"What we're looking at here is a native plant called common yarrow," says Jessie Olson, habitat restoration director at Save the Bay. The environmental group is using native plants to green nearly 10 acres of what's known as a horizontal levee. It's a gently sloping stretch of land connecting Bedwell Bayfront Park to surrounding salt ponds.
"I think a lot of people moving into the future are thinking of more nature based solutions for these levees," says Olson.
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To accomplish that vision, the Save the Bay team has been growing plants in a makeshift nursery a short distance away. Scores of volunteers have joined forces to plant the area by hand, after an agricultural team placed the original materials using heavy equipment.
"So right now, it doesn't look like much because we're only in our first year. But from a trained eye, you can already see those native plants coming up," Olson points out.
The project also echoes a movement across the country. With the growing threat from climate change and sea level rise, many environmental groups say we need alternatives to simply building higher levees and taller sea walls. Natalie Snider is with the Environmental Defense Fund, late last year the group joined nearly a hundred other organizations in drafting a letter to the Army Corp of Engineers. It called on the Corp to re-focus its planning toward nature based solutions.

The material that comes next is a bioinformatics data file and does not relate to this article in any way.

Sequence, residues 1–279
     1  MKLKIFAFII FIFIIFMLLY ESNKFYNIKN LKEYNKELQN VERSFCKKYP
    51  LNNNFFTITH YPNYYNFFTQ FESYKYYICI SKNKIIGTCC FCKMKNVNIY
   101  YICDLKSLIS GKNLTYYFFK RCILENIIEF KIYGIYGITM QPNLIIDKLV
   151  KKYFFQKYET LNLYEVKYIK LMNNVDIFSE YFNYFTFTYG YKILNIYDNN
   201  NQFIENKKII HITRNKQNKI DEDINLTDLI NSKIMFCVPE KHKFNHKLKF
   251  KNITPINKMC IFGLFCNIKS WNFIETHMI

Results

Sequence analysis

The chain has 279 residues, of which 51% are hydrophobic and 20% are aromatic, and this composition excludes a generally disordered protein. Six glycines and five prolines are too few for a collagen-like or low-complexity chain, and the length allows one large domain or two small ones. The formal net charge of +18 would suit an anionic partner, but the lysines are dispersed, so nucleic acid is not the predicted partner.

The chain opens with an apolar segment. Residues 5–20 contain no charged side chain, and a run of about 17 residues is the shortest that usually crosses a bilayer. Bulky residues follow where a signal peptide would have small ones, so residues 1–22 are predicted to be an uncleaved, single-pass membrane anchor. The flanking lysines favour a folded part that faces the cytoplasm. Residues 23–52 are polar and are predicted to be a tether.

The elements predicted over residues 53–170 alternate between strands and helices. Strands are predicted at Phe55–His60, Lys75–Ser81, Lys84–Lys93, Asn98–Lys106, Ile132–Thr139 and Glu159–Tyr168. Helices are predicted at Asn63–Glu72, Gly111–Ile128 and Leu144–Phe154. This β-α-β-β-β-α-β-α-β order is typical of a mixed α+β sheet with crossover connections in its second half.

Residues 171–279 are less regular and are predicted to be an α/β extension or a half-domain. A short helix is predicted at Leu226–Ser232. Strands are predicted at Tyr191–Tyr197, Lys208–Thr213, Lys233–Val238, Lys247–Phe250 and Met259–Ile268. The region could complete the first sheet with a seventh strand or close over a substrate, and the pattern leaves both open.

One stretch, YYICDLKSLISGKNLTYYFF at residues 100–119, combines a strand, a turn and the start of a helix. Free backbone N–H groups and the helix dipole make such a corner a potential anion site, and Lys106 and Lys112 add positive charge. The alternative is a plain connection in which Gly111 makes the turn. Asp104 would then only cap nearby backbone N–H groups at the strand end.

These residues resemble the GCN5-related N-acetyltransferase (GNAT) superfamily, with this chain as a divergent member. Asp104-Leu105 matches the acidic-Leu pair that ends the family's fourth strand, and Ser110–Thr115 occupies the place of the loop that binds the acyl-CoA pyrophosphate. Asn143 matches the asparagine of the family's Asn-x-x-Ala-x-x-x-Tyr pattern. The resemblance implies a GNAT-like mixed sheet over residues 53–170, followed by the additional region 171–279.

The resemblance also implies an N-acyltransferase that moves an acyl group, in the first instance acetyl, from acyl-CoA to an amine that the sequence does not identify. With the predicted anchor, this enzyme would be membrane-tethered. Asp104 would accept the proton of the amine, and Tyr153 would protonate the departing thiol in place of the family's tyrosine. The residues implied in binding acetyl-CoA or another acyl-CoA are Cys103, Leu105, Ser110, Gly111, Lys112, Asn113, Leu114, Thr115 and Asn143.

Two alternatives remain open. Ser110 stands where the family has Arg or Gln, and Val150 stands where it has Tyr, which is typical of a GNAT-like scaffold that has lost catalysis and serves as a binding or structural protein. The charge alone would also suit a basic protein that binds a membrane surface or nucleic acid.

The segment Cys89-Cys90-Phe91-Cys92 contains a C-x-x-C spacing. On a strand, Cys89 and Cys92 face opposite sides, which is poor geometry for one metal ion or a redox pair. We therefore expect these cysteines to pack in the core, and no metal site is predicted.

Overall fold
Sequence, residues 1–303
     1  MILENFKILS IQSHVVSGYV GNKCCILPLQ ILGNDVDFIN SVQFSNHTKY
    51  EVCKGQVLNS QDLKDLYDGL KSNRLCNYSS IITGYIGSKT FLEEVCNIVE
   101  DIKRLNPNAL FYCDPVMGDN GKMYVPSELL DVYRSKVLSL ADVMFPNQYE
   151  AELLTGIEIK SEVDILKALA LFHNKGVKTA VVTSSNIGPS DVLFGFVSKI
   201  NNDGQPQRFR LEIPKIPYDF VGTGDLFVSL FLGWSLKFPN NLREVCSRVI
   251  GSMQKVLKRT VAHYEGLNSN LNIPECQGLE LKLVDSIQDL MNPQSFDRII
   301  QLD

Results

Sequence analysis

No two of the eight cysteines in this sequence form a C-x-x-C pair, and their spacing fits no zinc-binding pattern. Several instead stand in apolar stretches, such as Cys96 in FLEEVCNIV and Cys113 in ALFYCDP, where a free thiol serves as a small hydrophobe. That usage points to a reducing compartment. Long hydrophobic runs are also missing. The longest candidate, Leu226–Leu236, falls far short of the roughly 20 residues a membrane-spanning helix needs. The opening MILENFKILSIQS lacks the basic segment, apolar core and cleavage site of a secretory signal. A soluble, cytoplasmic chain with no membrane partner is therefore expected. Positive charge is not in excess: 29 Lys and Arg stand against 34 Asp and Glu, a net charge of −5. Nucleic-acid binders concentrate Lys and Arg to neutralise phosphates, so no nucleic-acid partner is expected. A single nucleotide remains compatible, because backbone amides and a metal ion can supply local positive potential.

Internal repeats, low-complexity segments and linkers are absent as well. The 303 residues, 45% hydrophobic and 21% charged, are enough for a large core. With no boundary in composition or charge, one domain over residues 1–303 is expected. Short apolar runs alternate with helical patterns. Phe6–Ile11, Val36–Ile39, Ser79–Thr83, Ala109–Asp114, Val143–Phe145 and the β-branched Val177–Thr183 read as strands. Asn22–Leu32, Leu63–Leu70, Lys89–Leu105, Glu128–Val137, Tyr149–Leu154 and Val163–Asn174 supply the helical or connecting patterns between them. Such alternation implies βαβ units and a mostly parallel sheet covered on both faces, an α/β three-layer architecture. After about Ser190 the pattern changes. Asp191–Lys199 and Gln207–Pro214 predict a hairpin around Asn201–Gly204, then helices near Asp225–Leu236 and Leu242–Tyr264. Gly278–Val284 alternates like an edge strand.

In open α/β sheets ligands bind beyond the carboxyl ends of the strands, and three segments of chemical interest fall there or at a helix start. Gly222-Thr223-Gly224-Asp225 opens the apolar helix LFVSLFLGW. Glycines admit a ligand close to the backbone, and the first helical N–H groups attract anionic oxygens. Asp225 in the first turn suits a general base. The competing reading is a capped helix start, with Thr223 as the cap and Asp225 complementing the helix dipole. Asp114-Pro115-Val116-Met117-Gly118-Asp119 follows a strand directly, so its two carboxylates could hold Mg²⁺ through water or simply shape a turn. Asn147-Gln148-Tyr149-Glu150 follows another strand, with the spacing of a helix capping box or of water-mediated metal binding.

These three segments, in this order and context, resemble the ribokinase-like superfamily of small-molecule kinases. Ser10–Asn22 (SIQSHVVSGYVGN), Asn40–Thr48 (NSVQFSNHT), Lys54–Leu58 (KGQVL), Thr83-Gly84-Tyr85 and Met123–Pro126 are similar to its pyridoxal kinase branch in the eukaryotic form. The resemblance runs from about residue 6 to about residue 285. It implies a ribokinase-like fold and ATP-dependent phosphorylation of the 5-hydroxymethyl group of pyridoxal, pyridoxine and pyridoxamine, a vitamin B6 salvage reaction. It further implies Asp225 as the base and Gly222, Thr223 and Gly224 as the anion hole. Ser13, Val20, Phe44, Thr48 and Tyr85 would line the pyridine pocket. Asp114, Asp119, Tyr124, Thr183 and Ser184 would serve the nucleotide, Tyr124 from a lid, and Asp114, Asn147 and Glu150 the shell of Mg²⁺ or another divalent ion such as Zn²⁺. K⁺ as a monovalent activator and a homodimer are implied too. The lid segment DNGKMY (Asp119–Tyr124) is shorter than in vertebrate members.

"And so it doesn't have to be these strong sea walls, which, you know, actually harm the environment, and are not sustainable in the long term with climate change," says Snider.
Here in the Bay Area, Save the Bay believes the Ravenswood project can act as a pilot for future planning. Perhaps, becoming a model for major shoreline projects.
"We are learning a lot here. Hopefully we'll see success, and that will be something we can share," says Olson.
Save the Bay is also planning to expand the project soon to include another stretch of horizontal levee in the same area. Eventually greening more than 25 acres in all.